This week's letters (Sunday, June 25th to Saturday, July 1st, Letters 283-298) continue Richardson's exploration of the aftermath of the rape. One aspect which hits anyone who is reading the book in calendar time is that suddenly the day's reading shortens. Right before the rape 40 and more pages were attributed to a single day (with interwoved letters dated as from previous days, mostly forged letters by Lovelace), now we get a two half pages per day. A snap.
The events: Lovelace is forced to remove himself, she persists in trying to get away and finally succeeds. Preceding the rape it was for me impossible for keep up; I divided some sections into so many pages a night over several nights so I would end on Wednesday after the rape when the letters I could see began to shorten; in other words I ignored the calendar; Richardson seemed in a kind of "white heat;" it just poured out. I couldn't keep up. Now it's as if Richardson is thinking about what to do next.
The predominating emotion: an unreal callowness on the part of Lovelace; he cannot accept that he has done something irretrievable, that acts count; for Clarissa a ravaging self-flagellation and anguish which reaches a "height" in the her painful letter to Mrs Howe. Mrs Howe is the world's everywoman; she would never have felt anything as deeply as Clary; how can she understand how she can hurt another one she can't be hurt in this way herself. We also see Clarissa can act out of desperation; this reminds me of Lear; bring her down to the bottom, and she will do what she has to and stop dithering about scruples in order to free herself of the nightmare--which has become her life.
Thus a note which has been sounded before, but which will begin to overtake the work is Clarissa's comment to Mabel that she will not live long; but this she has hinted at before as the fate most acceptable to her--death. It is also an element in the plot: she is getting Mabel out of the room and her hands on Mabel's clothes. (In her getaway Richardson makes the servants easy to trick. Clarissa's ruse would not have fooled Lovelace, and it would not have taken him anytime to figure out what happened.)
One wholly new note struck in this section perhaps is important: Belford refuses to become Lovelace's active instrument. This heralds a new movement in the book; hitherto the forces of the "world" (of this book) have seemed to conspire to fulfill Lovelace's will. But even here it is clear Belford had hoped for a letter in which Lovelace would promise to adhere to his word, for he tells the story of Clarissa's getaway, so I am not sure that Richardson had as yet made up his mind that he was going to make Belford Clarissa's good friend--which is what he becomes, make Belford into the virtuous man which if one has the strength and integrity (and money and maleness) the world does allow to survive.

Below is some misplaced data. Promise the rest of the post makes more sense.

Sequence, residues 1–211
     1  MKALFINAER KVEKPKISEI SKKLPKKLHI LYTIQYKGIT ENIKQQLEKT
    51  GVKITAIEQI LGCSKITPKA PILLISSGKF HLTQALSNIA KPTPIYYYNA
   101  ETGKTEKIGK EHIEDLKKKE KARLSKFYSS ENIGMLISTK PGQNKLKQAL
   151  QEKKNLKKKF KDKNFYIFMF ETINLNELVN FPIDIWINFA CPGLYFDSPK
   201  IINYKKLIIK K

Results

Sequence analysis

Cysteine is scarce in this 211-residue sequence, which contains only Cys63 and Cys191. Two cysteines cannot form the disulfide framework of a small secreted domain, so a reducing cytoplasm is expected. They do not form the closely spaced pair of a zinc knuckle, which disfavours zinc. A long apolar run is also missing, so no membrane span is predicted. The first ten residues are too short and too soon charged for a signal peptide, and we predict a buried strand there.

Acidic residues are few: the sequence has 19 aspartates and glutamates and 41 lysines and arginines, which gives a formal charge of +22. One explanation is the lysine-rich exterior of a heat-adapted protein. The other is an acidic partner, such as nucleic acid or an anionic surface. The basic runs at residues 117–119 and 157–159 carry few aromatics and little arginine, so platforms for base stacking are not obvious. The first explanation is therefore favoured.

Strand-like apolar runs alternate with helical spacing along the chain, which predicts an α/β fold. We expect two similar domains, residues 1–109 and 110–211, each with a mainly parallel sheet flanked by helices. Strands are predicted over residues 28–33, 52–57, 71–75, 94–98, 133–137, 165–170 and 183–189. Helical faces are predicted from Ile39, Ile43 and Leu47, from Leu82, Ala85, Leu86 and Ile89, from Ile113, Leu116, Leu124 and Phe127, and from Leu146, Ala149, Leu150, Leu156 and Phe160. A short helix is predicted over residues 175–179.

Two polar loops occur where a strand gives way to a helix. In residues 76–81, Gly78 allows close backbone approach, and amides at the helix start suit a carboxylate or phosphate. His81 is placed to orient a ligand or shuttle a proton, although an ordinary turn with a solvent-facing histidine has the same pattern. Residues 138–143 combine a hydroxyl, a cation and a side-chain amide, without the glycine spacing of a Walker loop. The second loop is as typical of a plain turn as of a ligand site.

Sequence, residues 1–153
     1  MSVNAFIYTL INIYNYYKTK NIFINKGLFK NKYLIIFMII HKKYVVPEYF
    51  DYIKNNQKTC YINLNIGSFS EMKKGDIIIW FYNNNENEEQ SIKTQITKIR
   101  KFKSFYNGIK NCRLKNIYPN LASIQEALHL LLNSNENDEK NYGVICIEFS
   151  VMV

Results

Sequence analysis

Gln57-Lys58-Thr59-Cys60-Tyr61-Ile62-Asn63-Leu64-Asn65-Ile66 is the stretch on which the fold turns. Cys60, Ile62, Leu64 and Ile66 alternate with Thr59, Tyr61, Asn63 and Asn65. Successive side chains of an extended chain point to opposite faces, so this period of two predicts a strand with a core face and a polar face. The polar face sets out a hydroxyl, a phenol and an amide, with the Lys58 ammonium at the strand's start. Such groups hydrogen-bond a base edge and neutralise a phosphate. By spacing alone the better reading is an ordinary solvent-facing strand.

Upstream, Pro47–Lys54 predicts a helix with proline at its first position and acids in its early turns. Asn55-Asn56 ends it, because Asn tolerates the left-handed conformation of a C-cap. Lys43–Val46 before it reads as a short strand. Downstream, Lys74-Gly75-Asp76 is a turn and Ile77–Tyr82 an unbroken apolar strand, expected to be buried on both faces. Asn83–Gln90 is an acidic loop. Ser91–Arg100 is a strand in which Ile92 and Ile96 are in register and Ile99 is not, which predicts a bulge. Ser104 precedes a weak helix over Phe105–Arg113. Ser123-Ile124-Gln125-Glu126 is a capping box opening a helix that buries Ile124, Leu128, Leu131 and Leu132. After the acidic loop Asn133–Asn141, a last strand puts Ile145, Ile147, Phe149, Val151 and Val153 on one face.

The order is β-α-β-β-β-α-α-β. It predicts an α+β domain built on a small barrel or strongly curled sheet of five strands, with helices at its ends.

Richardson too never forgets to be the novelist and fill us with expectation of what will happen next? There is something new for us to worry over, a new suspense. what will she do now? where will she go? she's got no money, only the clothes on her back. Her family will not take her in; she's lost the consciousness of rectitude and the strength which comes from this in having been raped. Belford's letter, Thursday, June 29, No 293 (Ross Penguin, pp 968-9) brings out this element of "what will happen to our heroine now?"
It also brings out something else. Richardson as Belford writes a striking postscript which is italicized: "Mabel's clothes were thrown into the passage this morning; nobody knows by whom" (Ross, Penguin p 969) Why? because it has the absolute inexplicableness and serendipity of life which is ever casual and ever throwing off unexplained, unexplainable events. Alas, silly Mrs Radcliffe who thought she had to explain everything.